The Importance of Understanding the Challenges of African American Male Students: Setting the Foundation for Future Educational Success

The Importance of Understanding the Challenges of African American Male Students: Setting the Foundation for Future Educational Success

Johnny R. O'Connor Jr. (Lamar University, USA), Jennifer T. Butcher (Houston Baptist University, USA) and Freddie Titus (Lamar University, USA)
DOI: 10.4018/978-1-5225-5990-0.ch001


The purpose of this chapter is to provide guidance to scholars, educators, community leaders, and other relevant stakeholders, as it relates to the dilemmas often faced by African American males. In this chapter the authors present foundational information to spark productive dialogue with the hope of balancing the narrative of this often-misrepresented group. This is done through a historical review of issues encountered by African American males, barriers to education, and highlights of the importance of community and connectedness, and creating an awareness and relevance for future generations. The chapter ends with a discussion of future research considerations to prompt further exploration into this topic.
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African American Males in PK-12 Settings

More than 13.5 million public school-aged children live in poverty-stricken areas across America. Often, these children are exposed to a multitude of risk factors that can impede their opportunities for success (Wyman Center Annual Report, 2014). According to the Schott Foundation’s 50-State Report on Public Education and Black Males (2012), approximately, forty-two percent of African American Male students attend low-performing schools and schools that have the minimal access to the resources necessary to support quality learning outcomes. Additionally, a third of the teachers in these high-poverty schools lack the educational credentials and teaching experience required to provide a high-quality education (Schott Foundation Report, 2012). The literature shows no significant progress in closing the academic gap between African American Males and their White counterpart. African American Males continue to perform lower than their peers on almost every indicator (The National Center for Education Statistics NCES, 2012).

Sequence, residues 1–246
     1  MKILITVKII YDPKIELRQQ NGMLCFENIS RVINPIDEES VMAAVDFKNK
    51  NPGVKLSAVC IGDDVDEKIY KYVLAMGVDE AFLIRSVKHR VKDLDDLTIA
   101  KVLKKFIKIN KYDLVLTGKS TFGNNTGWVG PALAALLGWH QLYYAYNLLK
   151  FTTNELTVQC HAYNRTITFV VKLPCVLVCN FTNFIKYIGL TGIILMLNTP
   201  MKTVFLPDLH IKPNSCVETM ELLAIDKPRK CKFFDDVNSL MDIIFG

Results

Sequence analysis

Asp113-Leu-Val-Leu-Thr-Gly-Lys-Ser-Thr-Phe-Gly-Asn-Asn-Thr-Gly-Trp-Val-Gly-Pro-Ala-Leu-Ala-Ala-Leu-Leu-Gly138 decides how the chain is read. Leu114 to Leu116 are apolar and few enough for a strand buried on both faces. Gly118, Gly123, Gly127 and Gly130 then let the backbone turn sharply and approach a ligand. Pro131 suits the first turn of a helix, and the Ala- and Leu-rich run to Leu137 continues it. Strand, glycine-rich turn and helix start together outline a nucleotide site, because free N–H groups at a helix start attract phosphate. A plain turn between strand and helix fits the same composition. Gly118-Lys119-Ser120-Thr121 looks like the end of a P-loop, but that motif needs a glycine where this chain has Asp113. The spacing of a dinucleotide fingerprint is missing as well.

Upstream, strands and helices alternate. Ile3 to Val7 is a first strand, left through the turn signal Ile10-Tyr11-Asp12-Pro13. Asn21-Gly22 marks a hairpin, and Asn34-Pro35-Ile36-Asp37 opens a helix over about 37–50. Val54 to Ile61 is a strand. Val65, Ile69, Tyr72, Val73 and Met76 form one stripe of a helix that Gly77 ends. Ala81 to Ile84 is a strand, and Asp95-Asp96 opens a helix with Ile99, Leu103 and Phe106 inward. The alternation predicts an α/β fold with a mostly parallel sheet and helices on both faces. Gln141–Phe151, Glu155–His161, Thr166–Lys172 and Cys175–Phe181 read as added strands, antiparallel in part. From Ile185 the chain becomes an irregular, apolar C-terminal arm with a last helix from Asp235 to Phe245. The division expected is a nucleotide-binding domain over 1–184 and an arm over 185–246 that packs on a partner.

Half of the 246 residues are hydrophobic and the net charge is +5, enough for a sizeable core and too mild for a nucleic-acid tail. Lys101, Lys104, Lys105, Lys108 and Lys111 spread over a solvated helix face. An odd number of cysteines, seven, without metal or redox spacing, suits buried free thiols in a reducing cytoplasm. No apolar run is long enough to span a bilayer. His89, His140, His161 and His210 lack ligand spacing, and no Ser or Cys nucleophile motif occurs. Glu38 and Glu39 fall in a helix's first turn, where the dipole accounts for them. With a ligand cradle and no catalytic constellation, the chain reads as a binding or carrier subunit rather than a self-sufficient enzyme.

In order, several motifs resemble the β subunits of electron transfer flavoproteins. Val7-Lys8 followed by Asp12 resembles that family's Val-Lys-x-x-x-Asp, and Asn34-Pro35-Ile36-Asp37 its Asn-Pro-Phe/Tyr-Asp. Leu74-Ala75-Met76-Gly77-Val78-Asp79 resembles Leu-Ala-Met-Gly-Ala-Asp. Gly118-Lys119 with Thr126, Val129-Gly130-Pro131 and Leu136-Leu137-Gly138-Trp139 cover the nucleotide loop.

There is a need for a concerted national effort to focus on the educational, and social outcomes of African American Males (Lewis, Simon, Uzzell & Horwitz, 2010). Nearly 80% of the students in special education programs are said to be African American and Hispanic males. Conversely, African American Males are 2.5 times less likely to be participants in gifted and talented programs, even when their academic achievement supports their ability to succeed. The suspension and expulsion rate of African American Males is three times as high of all other groups (White, Latino, and Asian Males), and as a result, these students often miss valuable instructional time in the classroom (Aud, Fox, & Keweal Ramani, 2010). The Schott Foundation Report (2012) reveals that nationally, only 52% of African American Males graduate from high school on time, while 75% of White Males graduate on time. The school-to-prison pipeline is still a life pathway option in the Africa American community. In fact, African American Males who are expelled, drop out of school, or have no post secondary plans, become potential candidates of the school-to-prison pipeline. The clarion cry is that African American Males in K-12 needs more support and redirection if they are expected to reach higher heights in their plot to succeed academically.

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